Here are some of the dumbest investing mistakes you can make.
1. Putting Your Life Savings In One Stock
No company felt safer to invest in than General Motors (NYSE: GM) -- until bankruptcy. It's impossible to know what will happen with a company you invested everything in. For example, you buy 500 shares at $50 a piece in a technology company. Prices drop quickly when newer technology comes out. In a few days, your $25,000 investment is now worth $500. If you love technology, consider buying shares of a mutual fund containing technology stocks. Even then, don't make it your only investment and do your research as far as past performance and future forecasts.
2. Being Way Too Conservative
Short of stuffing money in your mattress and then accidently disposing of said mattress with your money still in it, one of the biggest mistakes you can make is this: keeping all your money in a savings account. First, if you ever do go over the half million mark in one account, you're no longer FDIC insured. Second, the current national average savings rate is 0.06 percent. It would take 30 years of depositing $100 per month to earn less than $300. Not exactly huge growth.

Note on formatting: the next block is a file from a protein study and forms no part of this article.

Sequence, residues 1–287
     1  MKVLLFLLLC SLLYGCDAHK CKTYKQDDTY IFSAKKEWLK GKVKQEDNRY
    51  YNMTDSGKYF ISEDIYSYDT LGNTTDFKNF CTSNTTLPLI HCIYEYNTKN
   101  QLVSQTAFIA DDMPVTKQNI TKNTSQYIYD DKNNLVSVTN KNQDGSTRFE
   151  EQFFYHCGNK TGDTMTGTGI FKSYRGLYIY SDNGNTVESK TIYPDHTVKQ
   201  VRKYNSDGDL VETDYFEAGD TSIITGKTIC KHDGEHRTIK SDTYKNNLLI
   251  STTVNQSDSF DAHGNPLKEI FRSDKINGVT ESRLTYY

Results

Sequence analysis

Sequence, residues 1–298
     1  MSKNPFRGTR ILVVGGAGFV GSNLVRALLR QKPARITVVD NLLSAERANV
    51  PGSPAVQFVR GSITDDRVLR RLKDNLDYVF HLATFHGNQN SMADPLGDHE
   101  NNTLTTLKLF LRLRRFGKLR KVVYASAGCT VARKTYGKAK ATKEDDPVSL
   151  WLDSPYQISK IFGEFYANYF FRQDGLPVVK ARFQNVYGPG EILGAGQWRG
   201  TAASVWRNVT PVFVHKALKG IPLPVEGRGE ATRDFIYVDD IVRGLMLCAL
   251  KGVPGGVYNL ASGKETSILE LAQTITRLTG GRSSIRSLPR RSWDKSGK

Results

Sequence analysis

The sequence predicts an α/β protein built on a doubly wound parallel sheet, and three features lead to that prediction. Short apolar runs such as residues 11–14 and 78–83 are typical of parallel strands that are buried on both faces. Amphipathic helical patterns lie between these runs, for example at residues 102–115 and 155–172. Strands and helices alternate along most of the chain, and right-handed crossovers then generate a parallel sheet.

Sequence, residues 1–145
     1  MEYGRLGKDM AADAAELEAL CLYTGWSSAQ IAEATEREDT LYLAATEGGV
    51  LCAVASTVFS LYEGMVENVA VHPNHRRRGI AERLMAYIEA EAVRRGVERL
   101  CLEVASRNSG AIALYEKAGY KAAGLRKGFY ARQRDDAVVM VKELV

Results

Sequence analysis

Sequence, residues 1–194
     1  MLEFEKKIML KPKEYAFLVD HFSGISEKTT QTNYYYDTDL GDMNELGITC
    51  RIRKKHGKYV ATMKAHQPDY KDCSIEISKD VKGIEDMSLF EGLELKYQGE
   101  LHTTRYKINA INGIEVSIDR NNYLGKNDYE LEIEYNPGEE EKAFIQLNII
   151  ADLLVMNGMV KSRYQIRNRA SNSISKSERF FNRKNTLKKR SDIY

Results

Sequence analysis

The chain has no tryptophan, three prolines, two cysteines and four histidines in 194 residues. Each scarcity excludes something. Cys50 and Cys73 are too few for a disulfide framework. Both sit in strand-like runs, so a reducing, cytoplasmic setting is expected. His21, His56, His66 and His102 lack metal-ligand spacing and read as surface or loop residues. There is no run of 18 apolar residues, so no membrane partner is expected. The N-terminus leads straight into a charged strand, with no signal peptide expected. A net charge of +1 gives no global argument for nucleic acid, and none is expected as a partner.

3. Trading Too Often
To someone who loves investing, there is nothing more fun than studying the stock market every day to figure out your next investment move -- that is until you're surprised to see $350 in trade charges racked up at $7 per trade (especially if you thought you were on a free trading promotion). Promotions expire. Know the date and input it in your electronic calendar.
4. Not Considering Your Time Horizons
When you invest outside of a retirement plan, you lose tax incentives. However, consider what you really want reserved for retirement, since there are also tax penalties for withdrawing funds early. Consider other goals such as saving for your kid's college fund, vacations and emergency savings.
5. Investing Money In The Stock Market You'll Need Soon
Let's say you're a month away from buying a home. Your 20% down payment on a $200,000 home, $40,000, is invested in the stock market. Your stock prices drop 20% the day before you write the check. You don't have time for your stocks to recover, so you just lost $8,000. Unless you can afford to lose $8,000, or possibly more, be careful about keeping money you'll need in the next few years in primarily stock-based investments.
The Investing Answer: Stupid mistakes can be avoided by talking to someone you trust before making major decisions. Personal financial advisors and certified public accountants are great resources. But don't forget to talk about money with your friends and family. While they may not know everything, telling each other about financial mistakes can keep someone else from making the same one -- kind of like how I just shared mine.